Literary translation implies the translation of all genres of literature, which include prose, drama and poetry. Literature is described as ‘an apparently nebulous body of knowledge in oral or written form, an imitation of life, which reflects civilization and culture, and which covers every angle of human activities-culture, tradition, entertainment, information among others.’ It is one of the great creative and universal means of communicating the emotional, spiritual and intellectual concerns of humankind.
Literary translation has to do with translating texts written in a literary language, which abounds in ambiguities, homonyms and arbitrariness, as distinct from the language of science or that of administration. Literary language is highly connotative and subjective because each literary author is lexically and stylistically idiosyncratic and through his power of imagination, he uses certain literary techniques such as figures of speech, proverbs and homonyms through which he weaves literary forms.
The literary translator is therefore the person who concerns himself with translation of literary texts. A literary translator generally respects good writing by taking into account the language, structures, and content, whatever the nature of the text. The literary translator participates in the author’s creative activity and then recreates structures and signs by adapting the target language text to the source language text as closely as intelligibility allows. He needs to assess not only the literary quality of the text but also its acceptability to the target reader, and this should be done by having a deep knowledge of the cultural and literary history of both the Source and the Target Languages. Language and culture are closely related and one is indispensable to the other. In fact, language acquires its meaning from the country’s culture. A single language may cross several culture borders.
There are generally problems in the translation of cultural words in a literary text unless there is a cultural overlap between the source language and the target language. It is not enough for a translator to know what words are used in the target language; he must also make the reader understand the sense as it is understood by the reader of the original. For instance, in a text where there is a cultural focus, there can be translation problems due to the cultural gap between the source and the target languages. The meaning of a single word or expression is largely derived from its culture.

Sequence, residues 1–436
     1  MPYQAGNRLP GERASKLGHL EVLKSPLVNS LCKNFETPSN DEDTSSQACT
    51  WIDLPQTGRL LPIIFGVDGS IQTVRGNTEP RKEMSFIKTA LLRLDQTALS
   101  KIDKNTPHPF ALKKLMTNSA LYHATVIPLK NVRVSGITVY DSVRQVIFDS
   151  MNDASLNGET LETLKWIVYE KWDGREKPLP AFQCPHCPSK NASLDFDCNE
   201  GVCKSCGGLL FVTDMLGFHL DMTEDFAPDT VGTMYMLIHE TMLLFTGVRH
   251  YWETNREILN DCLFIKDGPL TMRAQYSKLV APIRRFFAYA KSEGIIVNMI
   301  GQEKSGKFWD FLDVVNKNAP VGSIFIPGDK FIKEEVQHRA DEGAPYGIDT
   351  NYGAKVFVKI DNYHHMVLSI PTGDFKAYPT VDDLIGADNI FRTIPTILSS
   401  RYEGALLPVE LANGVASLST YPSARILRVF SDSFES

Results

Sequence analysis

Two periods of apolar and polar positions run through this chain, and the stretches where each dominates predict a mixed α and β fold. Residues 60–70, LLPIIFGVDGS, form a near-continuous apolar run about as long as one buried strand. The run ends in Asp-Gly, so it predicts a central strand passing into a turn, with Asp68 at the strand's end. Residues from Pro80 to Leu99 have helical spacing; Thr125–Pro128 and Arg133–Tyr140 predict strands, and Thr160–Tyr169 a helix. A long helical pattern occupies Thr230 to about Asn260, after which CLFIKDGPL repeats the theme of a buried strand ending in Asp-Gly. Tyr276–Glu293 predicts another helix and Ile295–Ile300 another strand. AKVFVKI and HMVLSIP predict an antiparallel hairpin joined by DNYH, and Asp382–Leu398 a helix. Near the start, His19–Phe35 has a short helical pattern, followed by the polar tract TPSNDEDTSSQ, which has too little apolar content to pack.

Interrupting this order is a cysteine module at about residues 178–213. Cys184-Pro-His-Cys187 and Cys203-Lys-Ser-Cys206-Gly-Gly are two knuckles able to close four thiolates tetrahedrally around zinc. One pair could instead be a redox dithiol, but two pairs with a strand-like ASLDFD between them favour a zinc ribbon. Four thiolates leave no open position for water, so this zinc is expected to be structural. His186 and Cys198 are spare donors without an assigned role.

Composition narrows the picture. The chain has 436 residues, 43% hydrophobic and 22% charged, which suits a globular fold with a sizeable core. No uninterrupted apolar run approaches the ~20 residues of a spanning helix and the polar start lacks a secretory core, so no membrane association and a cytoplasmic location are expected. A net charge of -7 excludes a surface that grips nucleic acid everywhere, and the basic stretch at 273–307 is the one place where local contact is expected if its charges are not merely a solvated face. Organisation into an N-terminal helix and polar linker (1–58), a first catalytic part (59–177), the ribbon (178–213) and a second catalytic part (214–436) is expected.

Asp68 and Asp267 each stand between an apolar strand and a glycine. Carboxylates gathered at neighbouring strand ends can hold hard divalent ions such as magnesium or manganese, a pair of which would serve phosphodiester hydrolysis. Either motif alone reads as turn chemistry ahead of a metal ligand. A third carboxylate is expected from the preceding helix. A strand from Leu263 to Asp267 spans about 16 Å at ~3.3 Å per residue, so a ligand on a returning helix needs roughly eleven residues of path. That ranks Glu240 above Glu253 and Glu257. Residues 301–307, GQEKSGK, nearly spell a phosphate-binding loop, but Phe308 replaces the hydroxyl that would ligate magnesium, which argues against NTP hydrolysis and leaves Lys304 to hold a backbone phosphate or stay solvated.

Therefore, translation, being a simple linguistic process, a cultural understanding comes into play because the translator is supposed to produce equivalence and where this does not exist, problems occur. The translator is expected to creatively exploit the altered cultural, linguistic and literary context in order to realize the different potentials of the target language in an act or literary creation since translation is an intercultural activity. Linguistically, each language has its own metaphysics, which determines the spirit of a nation and its behavioral norms, and this is what is known as linguistic relativity. Language directs our intellect and even our sensory perception.
Since words or images may vary considerably from one group to another, the translator needs to pay attention to the style, language and vocabulary peculiar to the two languages in question in order to produce an ‘exact’ translation of the source language text. Thus while translating something from a language to other, the sense and the behavior of the sentence gets changed obscurely. So as to carry the that sense and the behavior of the sentence the original author meant, the translator himself need to be creative, with a good knowledge of both languages, the one translating to and from.